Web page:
|NJ Horseplayer on to Beantown|
Personally, I am entering the tournament a bit apprehensive from a handicapping perspective, considering I could just as well stay home and save myself the time, but Suffolk is throwing in lunch as part of the $60 entry fee and offering cash prizes to the top 10, while I'm sure I'll come away with some fine stories and experiences. Rumor has it, too, that we'll be meeting Donna (@travelbyrv) and Susan from the Saturday Afternoon Horse blog (@asaturdayhorse), so fraternization with fellow horseplayers will be a big plus!
|Win or lose at Suffolk,|
Ted's is a winning wager
For those in the Boston area or insane enough to travel far and wide like me, Saturday's contest will comprise 15 races in a "pick and pray" format, whereby players make a notional $2 win-place bet on each race and must enter all picks for the entire card before the first contest race (Suffolk Downs, Race 6). From there on out, the outcome is in the hands of the horse' connections.
The format is pretty interesting and mirrors that of some contests on HorseTourneys.com, where I hit on a minor award once but have not played enough to gauge my prowess. I will spend this afternoon and evening doping out the 15 races (which will conveniently wrap up by about 6 p.m.):
- Suffolk Downs: 6, 7, 8, 9, 10
- Saratoga: 5, 6, 8, 9, 10
- Monmouth: 7, 8, 10
- Del Mar: 1, 2
Anyway, best of luck to everyone else headed out to Suffolk Downs on Saturday, and anyone looking to connect there should either reach me on Twitter (@NJHorseplayer) or call/text (732.322.0130).
Haskell Day Afterthoughts
I hadn't planned on making it to Monmouth Park on Sunday considering plans for NYC Marathon training (man, does it suck training in this humidity) and cleanup from a Saturday house party, but my man Chris Skurat from Tinton Falls had never been and asked if I'd be interested. It didn't take much arm-twisting.
|Chris (left) didn't need it, but I certainly could have used|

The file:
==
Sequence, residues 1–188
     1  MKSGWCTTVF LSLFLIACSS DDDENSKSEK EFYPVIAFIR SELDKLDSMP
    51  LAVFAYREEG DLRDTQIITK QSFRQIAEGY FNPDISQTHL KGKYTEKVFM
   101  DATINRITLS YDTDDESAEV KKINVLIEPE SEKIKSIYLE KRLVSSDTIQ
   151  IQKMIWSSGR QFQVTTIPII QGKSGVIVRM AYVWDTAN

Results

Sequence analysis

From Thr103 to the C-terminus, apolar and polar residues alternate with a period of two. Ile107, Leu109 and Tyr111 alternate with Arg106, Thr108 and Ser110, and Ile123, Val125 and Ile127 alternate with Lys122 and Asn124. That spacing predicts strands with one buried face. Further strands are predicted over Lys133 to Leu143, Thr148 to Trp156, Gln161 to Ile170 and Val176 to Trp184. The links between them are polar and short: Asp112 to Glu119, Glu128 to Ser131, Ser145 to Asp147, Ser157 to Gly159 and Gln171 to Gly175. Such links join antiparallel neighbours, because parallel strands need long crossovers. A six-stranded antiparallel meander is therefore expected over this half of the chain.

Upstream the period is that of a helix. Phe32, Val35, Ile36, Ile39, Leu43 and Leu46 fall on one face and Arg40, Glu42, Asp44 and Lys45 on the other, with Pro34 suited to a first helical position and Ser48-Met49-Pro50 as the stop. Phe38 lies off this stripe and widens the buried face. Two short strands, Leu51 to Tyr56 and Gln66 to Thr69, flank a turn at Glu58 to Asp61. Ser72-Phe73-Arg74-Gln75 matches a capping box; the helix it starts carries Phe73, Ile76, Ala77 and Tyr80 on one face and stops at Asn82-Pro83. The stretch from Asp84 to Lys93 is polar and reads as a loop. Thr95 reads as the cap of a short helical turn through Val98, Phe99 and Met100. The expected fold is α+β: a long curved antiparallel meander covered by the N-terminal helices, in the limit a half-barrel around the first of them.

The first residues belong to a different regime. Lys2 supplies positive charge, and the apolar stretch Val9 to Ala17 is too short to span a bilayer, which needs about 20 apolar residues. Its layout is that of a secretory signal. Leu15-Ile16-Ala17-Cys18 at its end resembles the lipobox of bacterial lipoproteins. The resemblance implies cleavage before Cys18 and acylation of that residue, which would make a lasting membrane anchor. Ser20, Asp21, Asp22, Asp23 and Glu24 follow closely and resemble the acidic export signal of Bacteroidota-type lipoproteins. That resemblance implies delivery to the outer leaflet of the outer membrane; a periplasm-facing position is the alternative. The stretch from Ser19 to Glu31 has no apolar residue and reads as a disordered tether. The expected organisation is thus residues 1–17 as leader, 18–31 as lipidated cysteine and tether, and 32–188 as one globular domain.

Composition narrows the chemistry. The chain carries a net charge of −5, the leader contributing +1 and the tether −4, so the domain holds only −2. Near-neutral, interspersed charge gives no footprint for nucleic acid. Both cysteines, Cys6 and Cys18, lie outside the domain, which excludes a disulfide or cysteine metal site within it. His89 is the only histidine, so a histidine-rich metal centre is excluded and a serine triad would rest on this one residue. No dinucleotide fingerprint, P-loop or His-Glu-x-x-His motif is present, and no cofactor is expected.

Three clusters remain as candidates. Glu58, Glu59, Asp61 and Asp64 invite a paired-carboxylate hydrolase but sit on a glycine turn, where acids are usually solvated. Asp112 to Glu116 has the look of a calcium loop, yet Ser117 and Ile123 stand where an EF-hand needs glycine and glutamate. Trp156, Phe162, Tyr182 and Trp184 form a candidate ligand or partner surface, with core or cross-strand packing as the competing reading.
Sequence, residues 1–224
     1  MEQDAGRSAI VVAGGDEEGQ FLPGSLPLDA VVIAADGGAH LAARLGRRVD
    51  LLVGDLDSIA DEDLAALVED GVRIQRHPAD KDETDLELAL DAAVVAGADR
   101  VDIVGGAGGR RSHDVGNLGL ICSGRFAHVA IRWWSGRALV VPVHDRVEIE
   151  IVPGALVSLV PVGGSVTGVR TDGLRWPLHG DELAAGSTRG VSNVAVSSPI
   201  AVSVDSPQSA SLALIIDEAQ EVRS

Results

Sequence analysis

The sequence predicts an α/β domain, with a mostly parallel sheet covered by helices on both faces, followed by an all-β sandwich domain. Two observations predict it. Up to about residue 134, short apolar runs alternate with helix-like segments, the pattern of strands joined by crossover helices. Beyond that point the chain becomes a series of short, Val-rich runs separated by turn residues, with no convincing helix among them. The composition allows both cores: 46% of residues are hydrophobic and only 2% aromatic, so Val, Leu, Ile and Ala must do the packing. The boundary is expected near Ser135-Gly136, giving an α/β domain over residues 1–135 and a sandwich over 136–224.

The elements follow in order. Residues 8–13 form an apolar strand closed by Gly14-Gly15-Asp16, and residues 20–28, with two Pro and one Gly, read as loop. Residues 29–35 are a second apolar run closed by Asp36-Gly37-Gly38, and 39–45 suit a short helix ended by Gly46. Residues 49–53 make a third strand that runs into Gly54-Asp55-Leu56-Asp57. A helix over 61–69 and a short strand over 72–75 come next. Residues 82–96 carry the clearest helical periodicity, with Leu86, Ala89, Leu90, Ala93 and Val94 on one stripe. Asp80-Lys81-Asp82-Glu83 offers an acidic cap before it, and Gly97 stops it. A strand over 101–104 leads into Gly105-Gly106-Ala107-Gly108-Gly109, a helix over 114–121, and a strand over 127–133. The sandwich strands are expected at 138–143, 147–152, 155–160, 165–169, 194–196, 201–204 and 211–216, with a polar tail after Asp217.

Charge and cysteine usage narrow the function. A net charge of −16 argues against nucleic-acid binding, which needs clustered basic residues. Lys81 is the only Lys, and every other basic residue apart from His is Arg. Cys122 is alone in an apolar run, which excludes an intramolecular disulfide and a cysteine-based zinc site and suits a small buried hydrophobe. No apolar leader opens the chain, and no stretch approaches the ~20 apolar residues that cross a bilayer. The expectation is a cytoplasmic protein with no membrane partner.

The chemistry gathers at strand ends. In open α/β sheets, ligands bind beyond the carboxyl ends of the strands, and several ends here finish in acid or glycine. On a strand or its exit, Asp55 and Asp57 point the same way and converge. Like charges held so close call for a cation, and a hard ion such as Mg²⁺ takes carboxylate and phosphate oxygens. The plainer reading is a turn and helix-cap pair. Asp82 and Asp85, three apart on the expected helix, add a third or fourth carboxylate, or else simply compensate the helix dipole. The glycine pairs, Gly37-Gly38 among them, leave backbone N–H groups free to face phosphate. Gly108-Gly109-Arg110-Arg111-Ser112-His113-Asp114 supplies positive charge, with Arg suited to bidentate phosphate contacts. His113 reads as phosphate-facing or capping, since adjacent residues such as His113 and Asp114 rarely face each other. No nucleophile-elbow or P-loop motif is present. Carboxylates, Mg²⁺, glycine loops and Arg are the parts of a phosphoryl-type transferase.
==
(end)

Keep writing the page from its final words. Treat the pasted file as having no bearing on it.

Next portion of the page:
Joe and Jeremy's (far right) insights on the Haskell
Because we did not show up until Race 9 on Sunday's 13-race Haskell program, we did not spend a lot of time at Monmouth and instead opted for the comfort of the grandstand, but in hindsight discovered that Joe and Jeremy were on hand to promote, yet again, fan education.
These guys have done a wonderful job as true ambassadors for the sport and deserve a lot of credit for educating fans in all aspects of the thoroughbred (and now harness) racing game -- from wagering strategy and horse ownership to horse pedigree and handicapping -- via their Night School program, held online every Tuesday night from 830p-10p ET.
Simply put, these guys get it, attempting to generate grassroots interest while educating the fans in a wonderful but fragmented and perceived dying sport. Certainly some tracks (Saratoga comes to mind) offer handicapping seminars and such, but most are under-publicized and probably turn many people off who feel too inexperienced to get involved at the track.
Night School welcomes fans of all levels, and I sense the online chat format makes even the newest of fans comfortable asking questions and learning online, as opposed to walking up to someone and admitting they have no idea, for instance, what to do with their racing program. I would recommend anyone who has yet to try Night School to give it a whirl, and check out the online archives for a flavor of what the guys present each Tuesday night. It's definitely worth your while!